Seventh, should the House, notwithstanding its obligation pursuant to the Resolution cited in item one, fail to order that the Aircraft and Shipbuilding Industries Bill be sent to the Examiners and a Select Committee be appointed to examine the petitions and report to the House what amendments should be made to the Bill, or other redress that it deems suitable granted or afforded, then the petitioners have a right to petition at the Bar of the House, to present their case by counsel at the Bar of the House, and to call witnesses to testify and answer 950 to questions put to them at the Bar of the House.
Eighth, this right of audience at the Bar of the House to petitioners against, inter alia, a hybrid Bill, being petitioners of good locus standi, still exists. It is founded in what is known as lex et consuetudo Parliamenti, which is analogous to the common law. It can be extinguished, altered or dispensed with by Act of Parliament; but it cannot be so extinguished, altered or dispensed with by the Resolution of either House of Parliament. As another example, the inability of the House of Commons to fine those whom it finds guilty of a contempt of the House cannot be swept away by a Resolution, though it could by an Act of Parliament.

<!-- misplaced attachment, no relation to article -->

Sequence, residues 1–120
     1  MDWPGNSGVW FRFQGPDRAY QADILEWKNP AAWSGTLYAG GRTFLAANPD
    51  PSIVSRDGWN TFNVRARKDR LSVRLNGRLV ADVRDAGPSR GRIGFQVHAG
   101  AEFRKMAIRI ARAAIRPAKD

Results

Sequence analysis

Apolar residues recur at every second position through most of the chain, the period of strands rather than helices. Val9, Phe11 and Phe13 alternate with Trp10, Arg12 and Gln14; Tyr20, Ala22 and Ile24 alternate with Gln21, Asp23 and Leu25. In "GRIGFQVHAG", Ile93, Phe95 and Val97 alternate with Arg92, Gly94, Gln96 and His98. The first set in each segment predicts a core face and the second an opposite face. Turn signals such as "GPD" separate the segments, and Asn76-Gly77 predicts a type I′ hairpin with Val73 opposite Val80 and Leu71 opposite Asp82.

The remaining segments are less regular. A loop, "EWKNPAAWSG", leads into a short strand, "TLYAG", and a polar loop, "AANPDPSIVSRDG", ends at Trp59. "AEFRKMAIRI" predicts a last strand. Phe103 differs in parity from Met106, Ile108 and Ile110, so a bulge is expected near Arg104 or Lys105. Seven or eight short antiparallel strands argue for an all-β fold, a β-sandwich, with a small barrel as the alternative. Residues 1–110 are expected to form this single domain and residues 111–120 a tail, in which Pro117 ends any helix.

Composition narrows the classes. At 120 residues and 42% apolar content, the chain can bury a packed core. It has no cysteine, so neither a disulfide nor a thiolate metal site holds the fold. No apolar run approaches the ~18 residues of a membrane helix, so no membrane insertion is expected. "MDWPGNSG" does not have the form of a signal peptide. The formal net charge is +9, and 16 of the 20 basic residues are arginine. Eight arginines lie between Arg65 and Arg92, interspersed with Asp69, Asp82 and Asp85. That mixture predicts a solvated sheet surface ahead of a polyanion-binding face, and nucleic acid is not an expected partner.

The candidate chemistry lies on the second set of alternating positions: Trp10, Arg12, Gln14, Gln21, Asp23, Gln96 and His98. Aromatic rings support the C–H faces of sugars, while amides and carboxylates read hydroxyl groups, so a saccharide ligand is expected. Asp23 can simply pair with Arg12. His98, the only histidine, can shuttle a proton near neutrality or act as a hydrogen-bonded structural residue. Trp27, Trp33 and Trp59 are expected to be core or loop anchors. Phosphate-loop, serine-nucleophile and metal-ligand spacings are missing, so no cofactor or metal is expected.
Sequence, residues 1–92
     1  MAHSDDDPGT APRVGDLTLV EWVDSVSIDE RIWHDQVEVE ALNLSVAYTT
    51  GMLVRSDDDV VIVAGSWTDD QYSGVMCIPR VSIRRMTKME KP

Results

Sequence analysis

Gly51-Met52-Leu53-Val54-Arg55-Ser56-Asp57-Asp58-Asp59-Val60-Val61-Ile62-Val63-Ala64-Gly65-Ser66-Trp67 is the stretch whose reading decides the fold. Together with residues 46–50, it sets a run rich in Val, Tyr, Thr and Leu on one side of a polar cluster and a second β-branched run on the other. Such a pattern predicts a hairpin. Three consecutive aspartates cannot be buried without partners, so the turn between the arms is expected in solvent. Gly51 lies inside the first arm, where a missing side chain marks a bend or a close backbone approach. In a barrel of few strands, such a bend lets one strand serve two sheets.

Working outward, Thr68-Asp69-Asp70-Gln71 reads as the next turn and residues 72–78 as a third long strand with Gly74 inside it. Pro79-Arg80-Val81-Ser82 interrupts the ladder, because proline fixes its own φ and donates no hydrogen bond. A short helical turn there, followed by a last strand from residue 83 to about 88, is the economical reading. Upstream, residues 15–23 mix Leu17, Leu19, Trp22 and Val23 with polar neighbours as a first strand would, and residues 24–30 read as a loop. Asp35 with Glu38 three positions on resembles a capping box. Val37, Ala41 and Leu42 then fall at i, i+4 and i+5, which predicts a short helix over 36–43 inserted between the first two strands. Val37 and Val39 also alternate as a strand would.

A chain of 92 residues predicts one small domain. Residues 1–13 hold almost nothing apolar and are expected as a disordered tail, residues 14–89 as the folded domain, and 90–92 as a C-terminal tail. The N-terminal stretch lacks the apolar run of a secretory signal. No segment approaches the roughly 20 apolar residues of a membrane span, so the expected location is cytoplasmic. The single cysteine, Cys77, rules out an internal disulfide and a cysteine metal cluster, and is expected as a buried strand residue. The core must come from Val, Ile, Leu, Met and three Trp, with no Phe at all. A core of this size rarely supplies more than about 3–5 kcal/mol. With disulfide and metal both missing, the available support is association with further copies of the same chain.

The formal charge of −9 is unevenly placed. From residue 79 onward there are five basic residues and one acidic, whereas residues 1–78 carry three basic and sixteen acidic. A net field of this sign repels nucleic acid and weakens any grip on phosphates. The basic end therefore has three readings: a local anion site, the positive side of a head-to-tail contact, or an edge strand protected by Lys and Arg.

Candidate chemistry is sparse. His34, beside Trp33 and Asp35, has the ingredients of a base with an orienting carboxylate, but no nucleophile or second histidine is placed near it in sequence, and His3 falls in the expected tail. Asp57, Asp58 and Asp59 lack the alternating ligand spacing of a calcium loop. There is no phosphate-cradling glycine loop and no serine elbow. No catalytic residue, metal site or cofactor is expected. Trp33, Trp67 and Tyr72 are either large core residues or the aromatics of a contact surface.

Ninth, the existence of this right to petition at the Bar of the House was recognised by the Select Committee on Hybrid Bills (Procedure in Committee) aforementioned when it reported to the House, at page xi, paragraphs 26 and 27, in the following terms:Your Committee's recommendation that, in the absence of any instruction or indications from the House to the contrary, the onus of proving the expediency of the bill should be considered to have been removed from the promoters, makes necessary an alteration of the present order of proceedings in the select committee. As the purpose of the select committee is to hear the case of the petitioners for amending the bill to secure their protection and compensation, your Committee believe that this case should be stated at the outset. The agent or counsel for the petitioner should open, calling witnesses who would be examined, cross-examined and re-examined. The agent or counsel for the promoters would then reply to the case made out by the petitioners, and their witnesses would be examined in the same manner. If the promoters called witnesses or put in documentary evidence (but not otherwise), the petitioner would be entitled to a right of reply. This method of proceeding, which would be a return to the older practice when petitioners were heard against bills at the bar of the House, seems to Your Committee to possess two decisive advantages.Tenth, it has been the unvarying practice of the House to set a date by which petitioners should present their petitions against a hybrid Bill, after reasonable notice.